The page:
(1) Roma Trento - Bolzano
(2) Roma Venezia/Venice - Treviso - Udine - Trieste
(3) Roma - Napoli Messina - Palermo and Siracusa
(4) Torino - Genova - La Spezia - Pisa - Livorno Messina - Palermo and Siracusa
(5) Milano - Bologna - Firenze Messina - Palermo and Siracusa
(6) Torino - Milano Napoli - Salerno
(7) Torino - Milano - Bologna - Firenze - Roma Villa San Giovanni - Reggio di Calabria
(8) Torino and Milano - Piacenza - Parma - Modena - Bologna - Rimini Bari - Lecce

More information is available on our Italian Trains guide.

The high speed (AV) services:

A Trenitalia Frecciarossa 500 train A Trenitalia Frecciarossa 500 train
A Trenitalia Frecciarossa 1000 train A Trenitalia Frecciarossa 1000 train
The trains operated by Italo The trains operated by Italo
A Trenitalia Frecciargento train A Trenitalia Frecciargento train

All of the train services which use the high speed lines for all OR part of their journey are designated as AV services

AV services are operated by Trenitalia
the Frecciarossa 1000
the Frecciarossa 700
the Frecciarossa 500 and
the Frecciargento
in effect compete with Italo trains operated by NTV.

Many AV services also have their journeys extended to more distant destinations not served by the high speed lines.
You won't be travelling on a high speed line if you take an AV service between these destinations:

  • Venezia/Venice and Brescia
  • Venezia/Venice and Bologna
  • Bolzano and Bologna
  • Salerno and Regio di Calabria
  • Lecce and Bologna via Bari and Rimini.

Trains also have to divert off the high speed lines in order to call at the main stations in Milano, Florence/Firenze, Roma and Napoli; meaning that the trains which stick to the direct route are faster.

Choosing between the high speed AV trains:

If you want to make a high speed journey, you can nearly always choose between a Frecce train service operated by Trenitalia, or an Italo train service operated by NTV.

Trenitalia uses four types of Frecce train on the high speed lines – Frecciarossa 1000, Frecciarossa 500, Frecciarossa 700 and Frecciargento trains.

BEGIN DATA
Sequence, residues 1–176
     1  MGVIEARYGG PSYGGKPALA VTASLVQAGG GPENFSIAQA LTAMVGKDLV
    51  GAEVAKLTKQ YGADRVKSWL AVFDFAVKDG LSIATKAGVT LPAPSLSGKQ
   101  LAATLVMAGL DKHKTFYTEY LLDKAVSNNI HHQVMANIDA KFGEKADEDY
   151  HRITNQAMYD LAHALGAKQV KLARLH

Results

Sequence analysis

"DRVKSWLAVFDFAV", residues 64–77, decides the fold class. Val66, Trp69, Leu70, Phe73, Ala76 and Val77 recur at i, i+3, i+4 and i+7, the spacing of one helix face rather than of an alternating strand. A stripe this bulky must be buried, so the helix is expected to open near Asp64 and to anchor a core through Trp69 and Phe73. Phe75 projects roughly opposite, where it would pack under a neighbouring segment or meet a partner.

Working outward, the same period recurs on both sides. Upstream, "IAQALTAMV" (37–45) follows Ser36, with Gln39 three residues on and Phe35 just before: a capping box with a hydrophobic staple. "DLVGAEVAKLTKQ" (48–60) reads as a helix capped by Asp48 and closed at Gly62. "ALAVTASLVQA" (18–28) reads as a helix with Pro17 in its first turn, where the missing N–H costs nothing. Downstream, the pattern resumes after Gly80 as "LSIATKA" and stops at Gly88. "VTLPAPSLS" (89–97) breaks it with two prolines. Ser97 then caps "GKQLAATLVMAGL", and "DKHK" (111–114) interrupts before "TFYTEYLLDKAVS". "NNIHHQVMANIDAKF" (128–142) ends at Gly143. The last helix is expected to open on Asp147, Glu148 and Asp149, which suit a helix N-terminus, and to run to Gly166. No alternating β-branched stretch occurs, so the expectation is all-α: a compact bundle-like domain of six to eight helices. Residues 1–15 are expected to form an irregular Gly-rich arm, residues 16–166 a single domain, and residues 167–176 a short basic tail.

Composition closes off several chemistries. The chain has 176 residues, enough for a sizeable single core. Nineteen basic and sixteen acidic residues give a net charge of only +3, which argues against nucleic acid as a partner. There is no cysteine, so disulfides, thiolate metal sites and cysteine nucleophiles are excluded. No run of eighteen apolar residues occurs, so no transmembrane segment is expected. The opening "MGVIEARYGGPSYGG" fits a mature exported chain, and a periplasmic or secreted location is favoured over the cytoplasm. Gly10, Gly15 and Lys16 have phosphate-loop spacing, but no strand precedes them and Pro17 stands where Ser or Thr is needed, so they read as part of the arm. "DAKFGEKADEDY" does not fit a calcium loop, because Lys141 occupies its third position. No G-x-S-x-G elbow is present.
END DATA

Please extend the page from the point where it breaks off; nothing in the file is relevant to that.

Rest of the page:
On some routes there is a choice between different types of Frecce trains.

The journey times will be similar and it won't affect the ticket prices either, but the on-board ambiences can be different, particularly in the premium classes.
If you will be travelling in the premium classes and have a choice between travelling by a Frecciarossa 1000 train or a Frecciargento train; ShowMeTheJourney's recommendation is to take the Frecciarossa 1000 train.

On the Italo trains, the Frecciarossa 1000 trains and the Frecciarossa 500 trains, you can choose between travelling in four classes of accommodation.

Also worth knowing is that Trenitalia's Frecciabianca trains are given AV train numbers, but they don’t travel on the high speed line (usually).

On board the AV trains:

On your ticket the 'carrozza' number is the coach/car number and the 'posti' is the seat number

As all seats are reserved on Frecce and Italo services, the stations between which seat is reserved is not indicated on the trains.
You will only need to look for the seat number(s).

When boarding, if you want to change seats ask the conductor first; don't assume that a spare seat will be available for your entire journey.

If you prefer to face forwards, note that all trains reverse direction when they call at Firenze S.M.N., Milano Centrale, Napoli Centrale, Roma Termini and Venezia S. Lucia.

The local and regional trains:

Regionale Veloce (RV) and Regionale (R) are similar, but different train services.
Regionale (R) trains are predominantly local trains, while Regionale Veloce (RV) trains link towns and cities over longer distances and skip some stations.

So when travelling between larger towns, Regionale Veloce (RV) trains CAN be faster, but tickets cost the same price as the slower as Regionale (R) trains.
So look for RV/RGV trains heading to your destination on the departure screens.

Many destinations in Italy most popular with tourists are only served by these trains; on which you can't save money by booking in advance.
Though Italia in Tour Passes are available for 3 or 5 days of unlimited travel by the R and RV trains operated by Trenitalia.


Standard (non-folding) bicycles, which haven't been disassembled, can only be taken on board the Regionale and Regionale Veloce trains - bike tickets are required.
More info is available here.

Frecce trains - Frecciabianca on left and Frecciarossa 500 on the right Frecce trains - Frecciabianca on left and Frecciarossa 500 on the right
Boarding a Frecciabianca train Boarding a Frecciabianca train
Genova Piazza Principe station Genova Piazza Principe station
From a train between Bolzano and Trento From a train between Bolzano and Trento
The top tier Trenitalia train - the Frecciarossa 1000 The top tier Trenitalia train - the Frecciarossa 1000
Torino Porta Susa stazione Torino Porta Susa stazione
Two of the more modern double decked trains used for some Regional services, particularly in northern Italy Two of the more modern double decked trains used for some Regional services, particularly in northern Italy
A Frecce train awaits departure from Venezia/Venice A Frecce train awaits departure from Venezia/Venice

Detailed train guides

Click on the buttons below to access info such as on board facilities, and what to look out for when boarding and travelling with luggage/bikes.

Good to know about the main stations:

Italian stations are bi-lingual, all signage is in English and Italian and ticket machines have excellent English translation.